The City has taken on an unacceptable level of risk committing to $200 million+ cost when it doesn’t have the financial capacity to cushion the impact of unforeseen events. Furthermore, it can’t count on the District to share operating costs in the long-term since the agreement allows the District to walk away from the deal with one year’s notice.
The City intends to pay for the project with sales of density timed to match the cash requirements of the project. The staging of the project has been organized to minimize the developer’s risk of a declining housing market. In other cases where the City has paid for a new public facility with density, the facility is built first and the developer builds the housing afterwards.
The City’s borrowing capacity is capped by the MFA at $90 million. It doesn’t have the ability to bridge a spike in the housing market or a major cost overrun so it has developed contingency plans to immediately cut out public amenities or sell more density to cover any cost overruns or revenue shortfalls.
When the facility was originally built in 1966, ownership, operating costs were divided 50/50 with the District. The usership then and now is roughly divided 50/50 between the City and District. Removing amenities or adding more density will affect North Vancouver residents in the District just as much as in the City.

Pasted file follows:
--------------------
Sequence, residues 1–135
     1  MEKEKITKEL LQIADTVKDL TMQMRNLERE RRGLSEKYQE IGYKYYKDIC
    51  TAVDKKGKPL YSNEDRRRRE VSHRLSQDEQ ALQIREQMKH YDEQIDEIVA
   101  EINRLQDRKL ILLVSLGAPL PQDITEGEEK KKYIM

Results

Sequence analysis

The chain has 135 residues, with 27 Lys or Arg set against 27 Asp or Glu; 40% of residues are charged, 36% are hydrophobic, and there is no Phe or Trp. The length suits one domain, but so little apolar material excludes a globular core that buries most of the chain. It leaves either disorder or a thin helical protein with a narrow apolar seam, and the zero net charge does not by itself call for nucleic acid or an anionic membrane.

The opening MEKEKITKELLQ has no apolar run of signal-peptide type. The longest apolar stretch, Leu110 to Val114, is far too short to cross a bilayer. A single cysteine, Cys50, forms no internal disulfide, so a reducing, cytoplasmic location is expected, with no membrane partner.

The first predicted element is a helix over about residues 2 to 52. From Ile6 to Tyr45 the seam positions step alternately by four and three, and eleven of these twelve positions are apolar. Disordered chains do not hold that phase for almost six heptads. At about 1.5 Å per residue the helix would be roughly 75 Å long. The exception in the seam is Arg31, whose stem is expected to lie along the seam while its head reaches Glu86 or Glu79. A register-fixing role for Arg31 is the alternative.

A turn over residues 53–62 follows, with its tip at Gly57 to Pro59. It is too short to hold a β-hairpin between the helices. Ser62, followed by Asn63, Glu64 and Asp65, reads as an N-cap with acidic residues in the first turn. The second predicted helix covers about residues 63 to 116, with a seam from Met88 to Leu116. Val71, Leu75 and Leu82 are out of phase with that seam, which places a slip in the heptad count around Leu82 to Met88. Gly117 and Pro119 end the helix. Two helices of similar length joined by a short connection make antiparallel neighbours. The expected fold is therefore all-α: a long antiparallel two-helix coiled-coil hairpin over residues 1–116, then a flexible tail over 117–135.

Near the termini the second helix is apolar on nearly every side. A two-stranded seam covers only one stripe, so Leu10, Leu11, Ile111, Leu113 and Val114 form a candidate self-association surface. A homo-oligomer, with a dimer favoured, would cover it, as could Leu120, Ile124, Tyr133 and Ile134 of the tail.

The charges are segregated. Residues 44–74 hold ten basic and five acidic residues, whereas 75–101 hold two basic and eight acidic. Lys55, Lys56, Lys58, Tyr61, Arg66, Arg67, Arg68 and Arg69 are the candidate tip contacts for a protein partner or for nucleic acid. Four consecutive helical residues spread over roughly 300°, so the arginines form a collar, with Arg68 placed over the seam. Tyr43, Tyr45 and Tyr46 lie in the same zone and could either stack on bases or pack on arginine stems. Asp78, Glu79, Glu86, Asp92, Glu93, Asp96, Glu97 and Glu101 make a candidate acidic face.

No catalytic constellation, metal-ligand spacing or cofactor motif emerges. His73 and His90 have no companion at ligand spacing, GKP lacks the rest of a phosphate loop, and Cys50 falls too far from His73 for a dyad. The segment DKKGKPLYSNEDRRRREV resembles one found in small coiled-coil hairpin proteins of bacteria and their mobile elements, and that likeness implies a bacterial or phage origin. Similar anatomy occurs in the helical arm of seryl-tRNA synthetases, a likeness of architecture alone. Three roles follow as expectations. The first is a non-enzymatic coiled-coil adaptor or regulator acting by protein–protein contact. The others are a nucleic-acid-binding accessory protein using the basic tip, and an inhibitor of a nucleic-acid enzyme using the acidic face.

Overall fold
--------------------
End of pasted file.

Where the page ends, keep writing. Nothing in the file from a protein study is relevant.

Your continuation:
The City would rather put the community at risk of getting an inferior recreation centre, or more density than it expected than collaborate with the District to rebuild an asset that is just as important to District citizens as citizens of the City.
On October 20th, your vote for Guy Heywood for Mayor will be a vote for common sense at City Hall.
So is it too late to get the district on board to share costs? I’m in favor of community centre development but agree with your concerns re: sharing of cost with the district (esp since citizens of both will use the facility).
Have being doing more research. It’s not to late to get the District involved but I don’t think anyone except me is going to be able to get it.
Does the expected revenue projections not cover the cost of borrowing and operating costs without the 50/50 split with the District? If not, why was this project allowed to move forward even if the “opportunity to sell density” existed. Who was responsible for doing the financial planning for this project?
The City has not spent anytime modelling the long term operating costs of a scenario where the Rec Commission and the shared cost arrangements were cancelled. It’s critical that they do so because the District has said they won’t agree to pay extra costs of a larger facility.
So are you for or against the 50 metre pool? Your comments leave me little confused.
I’m not opposed to a 50m pool. I’m opposed to the City going it alone to pay for it and be on the hook for long-term operating costs. The City has not secured the support of the District, which is terminable on one year’s notice, and is underwriting a competition-level swimming facility with no support regional, provincial or federal governments or user groups. Why should City taxpayers do that?
Sorry for the confusion. I am in favour of a 50m pool so long as the long term operating costs don’t fall exclusively on the City. In the current agreement they do, which I think is unfair to City Taxpayers but also easy to fix if there were time to properly negotiate with the District and other stakeholders.